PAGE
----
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Senate GOP leaders skeptical of Trump's payroll tax cut

President TrumpDonald TrumpBiden to sign executive order aimed at increasing voting access Albany Times Union editorial board calls for Cuomo's resignation Advocates warn restrictive voting bills could end Georgia's record turnout MORE's push to include a payroll tax cut in the next coronavirus bill is being greeted with skepticism by members of the Senate GOP leadership. 

Trump and members of his administration, including Treasury Secretary Steven MnuchinSteven MnuchinBiden cautious in making Trump tax returns decision Biden brings back bipartisan meetings at the White House On The Money: Schumer urges Democrats to stick together on .9T bill | Collins rules out GOP support for Biden relief plan | Powell fights inflation fears MORE, are publicly pushing to include the tax cut, with the president warning there will not be another coronavirus relief bill without it. 

But asked about the payroll tax cut, Sen. John ThuneJohn Randolph ThuneGOP votes in unison against COVID-19 relief bill Senate holds longest vote in history as Democrats scramble to save relief bill Biden gets involved to help break Senate logjam MORE (S.D.), the No. 2 Senate Republican, said "we'll see," adding that a "payroll tax cut only helps if you're on the payroll," in an apparent reference to the tens of millions who have recently filed for unemployment.

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"I'm not a particular fan of that. We looked at it before. ... I guess I'm open to being persuaded that it is something that could be effective, but I think some of the things that we're currently doing are having a bigger impact," Thune said.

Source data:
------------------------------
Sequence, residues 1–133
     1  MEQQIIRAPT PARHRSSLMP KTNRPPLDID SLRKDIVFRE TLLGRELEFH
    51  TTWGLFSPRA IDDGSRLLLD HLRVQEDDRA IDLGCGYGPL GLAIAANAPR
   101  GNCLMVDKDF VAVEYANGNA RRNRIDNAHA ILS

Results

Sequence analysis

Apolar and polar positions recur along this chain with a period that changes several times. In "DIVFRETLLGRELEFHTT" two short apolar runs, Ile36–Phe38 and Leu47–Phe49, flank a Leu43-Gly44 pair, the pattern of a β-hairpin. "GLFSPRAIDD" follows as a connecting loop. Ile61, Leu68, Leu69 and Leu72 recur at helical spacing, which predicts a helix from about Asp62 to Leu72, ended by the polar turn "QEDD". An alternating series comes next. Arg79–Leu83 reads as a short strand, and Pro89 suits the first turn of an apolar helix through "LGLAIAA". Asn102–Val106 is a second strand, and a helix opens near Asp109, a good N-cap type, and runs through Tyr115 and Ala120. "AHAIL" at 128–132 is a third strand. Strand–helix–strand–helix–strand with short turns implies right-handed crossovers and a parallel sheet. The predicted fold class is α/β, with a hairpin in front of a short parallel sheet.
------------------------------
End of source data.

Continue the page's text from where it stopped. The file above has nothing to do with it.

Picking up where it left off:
Sen. Roy BluntRoy Dean BluntBiden gets involved to help break Senate logjam Top Republican: 'Outrageous' to extend National Guard deployment at Capitol Five takeaways from dramatic Capitol security hearing MORE (R-Mo.), another member of GOP leadership, added that "I'm not persuaded that that's the best way to move forward." 

"What we need to do now is look at what we've done," Blunt said. "I think we ought to evaluate whether we're still where we were six and eight weeks ago."

Sen. John CornynJohn CornynSenate holds longest vote in history as Democrats scramble to save relief bill Biden gets involved to help break Senate logjam Overnight Defense: Capitol Police may ask National Guard to stay | Biden's Pentagon policy nominee faces criticism | Naval Academy midshipmen moved to hotels MORE (R-Texas), an adviser to Senate Majority Leader Mitch McConnellAddison (Mitch) Mitchell McConnellBiden takes victory lap after Senate passes coronavirus relief package GOP votes in unison against COVID-19 relief bill Senate approves sweeping coronavirus measure in partisan vote MORE (R-Ky.), called Republicans “divided” on the payroll tax cut.

Trump has repeatedly floated the idea of a payroll tax cut, but so far lawmakers have refrained from including it in their coronavirus relief packages. 

Trump appeared to make the inclusion of a payroll tax cut a red line in the upcoming negotiations on the next stimulus bill, which would be the fifth piece of legislation passed by Congress in response to the coronavirus.

“We’re not doing anything unless we get a payroll tax cut. That is so important to the success of our country," Trump said during a virtual town hall with Fox News on Sunday. 

McConnell has yet to say if he supports including the payroll tax cut in upcoming legislation.

The GOP leader has drawn his own red lines for the upcoming bill, saying it has to include expanded liability protections for employers who are saying they could be sued as states start to try to lift social distancing restrictions. 

In addition to a lukewarm reaction from key senators, House Speaker Nancy PelosiNancy PelosiTrump White House associate tied to Proud Boys before riot via cell phone data Greene sounds off on GOP after Hill story 'Bloody Sunday' to be commemorated for first time without John Lewis MORE (D-Calif.) has called a payroll tax cut a nonstarter.

“Nobody’s putting anything on the table and saying, ‘Unless we have this, we’re not doing that.’ He shouldn’t either,” she told CNN on Monday.